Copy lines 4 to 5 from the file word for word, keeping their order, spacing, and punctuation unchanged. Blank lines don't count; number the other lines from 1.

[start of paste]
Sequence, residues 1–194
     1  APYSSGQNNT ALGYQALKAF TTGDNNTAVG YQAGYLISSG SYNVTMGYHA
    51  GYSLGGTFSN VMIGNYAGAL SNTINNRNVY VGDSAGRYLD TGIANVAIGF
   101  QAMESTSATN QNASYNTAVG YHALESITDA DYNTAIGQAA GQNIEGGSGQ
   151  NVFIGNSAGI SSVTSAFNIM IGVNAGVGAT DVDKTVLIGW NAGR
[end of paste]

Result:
   101  QAMESTSATN QNASYNTAVG YHALESITDA DYNTAIGQAA GQNIEGGSGQ
   151  NVFIGNSAGI SSVTSAFNIM IGVNAGVGAT DVDKTVLIGW NAGR